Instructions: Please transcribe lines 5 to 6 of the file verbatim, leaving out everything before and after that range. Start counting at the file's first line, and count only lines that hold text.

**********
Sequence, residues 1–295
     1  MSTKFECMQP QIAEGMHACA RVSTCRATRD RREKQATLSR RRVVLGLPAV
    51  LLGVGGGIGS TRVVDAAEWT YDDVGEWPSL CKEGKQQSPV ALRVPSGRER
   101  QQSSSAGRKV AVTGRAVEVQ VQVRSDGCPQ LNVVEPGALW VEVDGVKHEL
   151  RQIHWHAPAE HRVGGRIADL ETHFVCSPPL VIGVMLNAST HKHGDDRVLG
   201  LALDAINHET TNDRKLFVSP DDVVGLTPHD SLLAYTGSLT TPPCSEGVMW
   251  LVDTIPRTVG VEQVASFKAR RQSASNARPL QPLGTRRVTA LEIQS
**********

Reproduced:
   151  RQIHWHAPAE HRVGGRIADL ETHFVCSPPL VIGVMLNAST HKHGDDRVLG
   201  LALDAINHET TNDRKLFVSP DDVVGLTPHD SLLAYTGSLT TPPCSEGVMW